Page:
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It used to be that adultery was the basis for getting a divorce. It would be listed as a reason in any divorce filing, and you would have to appear before a judge and prove that the infidelity occurred. Infidelity would be considered in the granting of the divorce and possibly position the non-cheating spouse for a financial advantage. In modern times, the no-fault divorce, or more appropriately, the dissolution of marriage, means that while you may file for divorce because of cheating, the court will not consider infidelity when granting your dissolution or determining alimony. If you are wondering if your spouse’s cheating will mean more alimony for you, the general answer is no. Infidelity does not mean you will get more alimony or alimony for longer. Illinois will sometimes consider factors that might be related to infidelity when determining alimony. Read on to find out more about the impact, if any, infidelity can have on an award of alimony.  For more general information on divorce in Illinois read our article, Recent Changes to Illinois Divorce Laws 2022.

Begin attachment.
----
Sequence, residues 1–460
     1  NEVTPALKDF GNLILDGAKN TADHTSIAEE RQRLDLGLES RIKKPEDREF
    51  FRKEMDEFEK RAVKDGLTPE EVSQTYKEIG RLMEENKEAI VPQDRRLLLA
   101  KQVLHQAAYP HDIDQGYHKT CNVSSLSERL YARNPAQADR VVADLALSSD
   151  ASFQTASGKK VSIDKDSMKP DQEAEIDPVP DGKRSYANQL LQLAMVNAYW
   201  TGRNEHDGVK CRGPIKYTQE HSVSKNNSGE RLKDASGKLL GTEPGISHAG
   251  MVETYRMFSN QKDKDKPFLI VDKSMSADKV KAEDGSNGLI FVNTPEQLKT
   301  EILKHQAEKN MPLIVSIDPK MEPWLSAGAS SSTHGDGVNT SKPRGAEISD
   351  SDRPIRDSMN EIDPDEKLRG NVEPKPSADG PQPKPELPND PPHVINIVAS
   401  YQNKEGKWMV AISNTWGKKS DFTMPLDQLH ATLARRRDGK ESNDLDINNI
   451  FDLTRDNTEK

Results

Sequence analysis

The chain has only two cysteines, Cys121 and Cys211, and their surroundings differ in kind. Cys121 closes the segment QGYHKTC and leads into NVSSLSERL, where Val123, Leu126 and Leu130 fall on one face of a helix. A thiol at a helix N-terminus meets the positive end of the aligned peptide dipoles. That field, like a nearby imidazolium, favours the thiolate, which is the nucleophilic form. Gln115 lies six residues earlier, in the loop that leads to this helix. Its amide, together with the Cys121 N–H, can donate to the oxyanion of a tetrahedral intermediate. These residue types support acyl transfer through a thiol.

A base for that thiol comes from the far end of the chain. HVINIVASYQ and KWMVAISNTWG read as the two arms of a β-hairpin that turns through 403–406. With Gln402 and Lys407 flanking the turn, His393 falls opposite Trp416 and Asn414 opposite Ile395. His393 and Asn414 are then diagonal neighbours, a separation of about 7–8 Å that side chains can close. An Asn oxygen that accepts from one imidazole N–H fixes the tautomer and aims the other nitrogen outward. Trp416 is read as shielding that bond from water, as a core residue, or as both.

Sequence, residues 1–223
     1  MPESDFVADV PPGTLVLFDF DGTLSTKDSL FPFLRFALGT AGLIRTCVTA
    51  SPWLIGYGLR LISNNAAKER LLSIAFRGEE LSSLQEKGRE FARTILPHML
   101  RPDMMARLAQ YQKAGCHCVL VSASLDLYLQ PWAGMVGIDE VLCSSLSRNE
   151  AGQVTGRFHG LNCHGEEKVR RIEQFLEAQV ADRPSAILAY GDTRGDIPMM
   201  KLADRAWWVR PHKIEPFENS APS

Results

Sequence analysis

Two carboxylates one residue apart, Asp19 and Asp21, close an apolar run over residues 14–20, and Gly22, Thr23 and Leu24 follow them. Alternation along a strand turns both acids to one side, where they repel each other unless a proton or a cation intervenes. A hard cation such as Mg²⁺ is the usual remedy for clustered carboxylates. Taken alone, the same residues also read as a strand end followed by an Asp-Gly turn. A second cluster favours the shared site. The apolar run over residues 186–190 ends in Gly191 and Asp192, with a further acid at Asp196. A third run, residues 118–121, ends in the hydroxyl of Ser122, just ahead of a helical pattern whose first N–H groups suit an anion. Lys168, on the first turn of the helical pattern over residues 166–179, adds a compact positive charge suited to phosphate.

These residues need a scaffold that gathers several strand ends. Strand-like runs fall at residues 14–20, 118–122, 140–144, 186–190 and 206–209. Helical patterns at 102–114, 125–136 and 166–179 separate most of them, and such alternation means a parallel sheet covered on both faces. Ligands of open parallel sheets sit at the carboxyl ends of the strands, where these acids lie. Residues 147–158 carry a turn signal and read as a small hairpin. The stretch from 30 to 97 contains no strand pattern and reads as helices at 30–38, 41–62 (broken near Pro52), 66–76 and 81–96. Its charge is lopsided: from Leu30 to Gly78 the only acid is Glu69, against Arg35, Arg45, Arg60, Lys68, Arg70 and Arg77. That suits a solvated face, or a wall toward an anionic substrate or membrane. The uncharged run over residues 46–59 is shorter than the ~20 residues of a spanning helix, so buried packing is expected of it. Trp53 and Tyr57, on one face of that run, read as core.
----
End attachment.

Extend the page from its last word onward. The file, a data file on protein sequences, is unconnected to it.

What is Adultery in Illinois?  

 

Illinois does have a statute that addresses infidelity, but it cannot be used as the basis for a divorce since Illinois is a no-fault state. In Illinois, if you want a divorce, you ask for one based on “irreconcilable differences,” and not for adultery. 720 Ill. Comp. Stat. §11-35 defines adultery and classifies it as a misdemeanor, but it is not used for divorce. The status defines adultery as “having sexual relations with someone who is not your spouse.” For more information about how the state of Illinois views adultery, look here: (link to another article)